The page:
Hosea / chapter 5 (read the chapter)
Yes, keep reading. Such a provocative title deserves a little explanation! It stems from the last verses of this chapter: “For I will be like a lion to Ephraim, like a great lion to Judah. I will tear them to pieces and go away; I will carry them off, with no one to rescue them. Then I will return to my lair until they have borne their guilt and seek my face—in their misery they will earnestly seek me.” (vs 14-15)
We don’t usually picture God as a devouring lion. In fact, when the New Testament reminds us that there is an enemy who “prowls around like a roaring lion looking for someone to devour” (1 Pet 5:8), it’s talking about Satan, not God.
I would even venture to say that, especially in Western Christianity, we have all but dismissed the idea that God brings pain, hardship, or suffering across our paths. Instead, those who are eager to proclaim God’s wonderful character (and it is, indeed, wonderful!) sometimes tend to gloss over or ignore many of the Bible’s dramatic pictures of Him. (Ironically, many of them—just like this one—are written as God speaking about Himself in the first person!)
So I guess that begs the question: Would God ever do what He talks about in this chapter of Hosea? Would He act like a lion with His own people? Or maybe we should wonder if that was something He would only have done in Old Testament times, but not today?
In Western society, one of the things we love to do most is avoid consequences. Although we don’t have a 100% success rate, we are nevertheless pretty good at it. We attempt to minimize a whole range of “negative” consequences—from taking medication to ease the heartburn related to eating unhealthy foods, to installing a radar detector to be able to drive over the speed limit, to getting abortions to end inconvenient pregnancies.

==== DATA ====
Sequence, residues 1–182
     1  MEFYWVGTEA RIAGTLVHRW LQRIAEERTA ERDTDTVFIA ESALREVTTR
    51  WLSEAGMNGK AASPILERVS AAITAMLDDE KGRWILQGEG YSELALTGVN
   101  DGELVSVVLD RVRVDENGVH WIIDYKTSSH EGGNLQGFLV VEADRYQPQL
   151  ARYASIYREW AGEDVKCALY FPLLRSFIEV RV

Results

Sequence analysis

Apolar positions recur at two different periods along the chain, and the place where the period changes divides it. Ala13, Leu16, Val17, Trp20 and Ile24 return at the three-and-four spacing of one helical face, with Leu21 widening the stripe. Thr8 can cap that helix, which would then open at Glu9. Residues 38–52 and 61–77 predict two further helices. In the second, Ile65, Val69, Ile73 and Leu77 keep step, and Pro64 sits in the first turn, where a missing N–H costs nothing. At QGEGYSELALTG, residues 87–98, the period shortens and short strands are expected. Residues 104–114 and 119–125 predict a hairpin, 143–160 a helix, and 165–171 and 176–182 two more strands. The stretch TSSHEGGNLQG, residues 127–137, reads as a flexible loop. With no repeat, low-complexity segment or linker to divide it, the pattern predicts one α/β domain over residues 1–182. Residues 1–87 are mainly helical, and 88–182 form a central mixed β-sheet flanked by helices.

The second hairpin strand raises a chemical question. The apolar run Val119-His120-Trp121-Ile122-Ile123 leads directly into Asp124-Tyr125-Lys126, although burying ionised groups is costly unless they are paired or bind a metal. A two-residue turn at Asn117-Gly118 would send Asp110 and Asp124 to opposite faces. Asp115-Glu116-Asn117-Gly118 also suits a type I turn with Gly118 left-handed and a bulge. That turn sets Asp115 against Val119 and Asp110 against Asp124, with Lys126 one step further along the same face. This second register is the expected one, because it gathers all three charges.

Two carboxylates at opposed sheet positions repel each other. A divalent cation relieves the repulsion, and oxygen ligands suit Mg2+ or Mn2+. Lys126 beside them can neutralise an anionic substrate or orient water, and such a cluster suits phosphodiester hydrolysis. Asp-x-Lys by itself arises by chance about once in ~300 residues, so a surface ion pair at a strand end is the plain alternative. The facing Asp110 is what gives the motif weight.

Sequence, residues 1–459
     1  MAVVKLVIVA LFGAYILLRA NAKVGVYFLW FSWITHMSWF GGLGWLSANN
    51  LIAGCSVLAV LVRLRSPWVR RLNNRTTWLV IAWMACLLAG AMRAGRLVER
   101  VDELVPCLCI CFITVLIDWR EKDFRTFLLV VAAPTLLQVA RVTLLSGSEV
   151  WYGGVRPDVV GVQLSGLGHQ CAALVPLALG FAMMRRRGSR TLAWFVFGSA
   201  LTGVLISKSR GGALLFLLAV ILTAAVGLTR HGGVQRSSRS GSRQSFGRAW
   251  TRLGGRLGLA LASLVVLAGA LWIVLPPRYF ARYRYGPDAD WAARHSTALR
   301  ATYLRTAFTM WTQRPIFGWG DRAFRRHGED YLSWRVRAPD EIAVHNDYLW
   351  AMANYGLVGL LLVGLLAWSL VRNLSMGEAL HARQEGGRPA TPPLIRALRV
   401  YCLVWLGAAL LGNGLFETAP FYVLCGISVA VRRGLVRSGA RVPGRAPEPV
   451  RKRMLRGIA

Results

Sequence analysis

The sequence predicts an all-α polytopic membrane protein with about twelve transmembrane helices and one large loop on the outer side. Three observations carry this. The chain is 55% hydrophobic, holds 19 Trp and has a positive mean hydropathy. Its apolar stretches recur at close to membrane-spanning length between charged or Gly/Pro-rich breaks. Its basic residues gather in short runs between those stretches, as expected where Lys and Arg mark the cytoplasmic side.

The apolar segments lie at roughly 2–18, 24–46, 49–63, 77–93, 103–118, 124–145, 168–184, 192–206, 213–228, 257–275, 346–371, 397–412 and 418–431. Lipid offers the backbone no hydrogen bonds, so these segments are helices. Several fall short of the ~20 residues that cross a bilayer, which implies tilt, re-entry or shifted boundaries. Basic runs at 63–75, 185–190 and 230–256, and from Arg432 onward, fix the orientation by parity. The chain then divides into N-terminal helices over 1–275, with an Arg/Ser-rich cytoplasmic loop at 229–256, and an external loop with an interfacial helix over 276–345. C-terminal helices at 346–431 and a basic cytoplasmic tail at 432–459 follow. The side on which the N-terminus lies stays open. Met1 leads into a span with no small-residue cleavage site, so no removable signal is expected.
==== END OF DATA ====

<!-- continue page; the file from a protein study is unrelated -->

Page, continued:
We see this trend in general society as well, as over the decades, our government has put various “safety nets” in place to help people minimize the “negative” consequences of life’s situations—from being laid off from a job, to losing your house in a flood, to having an unsupported child out of wedlock. Most recently, Americans witnessed a huge, full-scale example of this in the economic bailouts of 2009, when it was determined that many banks, corporations, and companies were “too big to fail.”
There may be nothing wrong with applying this principle to general society, but as saturated as we are with this type of mentality, I think we also try to apply it to God, and there isn’t much in Scripture to suggest that He’s interested in helping us avoid the “negative” consequences of our choices. In fact, it’s often the opposite. Instead of having a “too important to fail” attitude toward us, God so values our eternal life that He looks at us as “too important not to fail” when the road we’re on will lead to ultimate destruction.
To that end, God will happily make us miserable. He will crash in like a roaring lion and tear us to bits, if that’s what it takes. If, in our misery, we will finally, finally turn to Him and seek His face, He will certainly make us miserable. Sometimes this may mean simply letting us experience the natural consequences of our actions. At other times, this may mean God imposes consequences as a means of discipline in order to help us change course before we go somewhere we can’t return from. (This is how Satan and God differ as the two lions. Satan is only interested in devouring, because he’s a hater. God is interested in restoring, because He’s a Lover.)
From the perspective of Love, it isn’t always the loving thing to rescue someone from “negative” consequences. It isn’t always the loving thing to help someone avoid misery, for you may be removing the very thing that would send that person seeking after God.
We tend to think that God relieves misery, and sometimes He does. But sometimes, misery might just be what the Doctor ordered.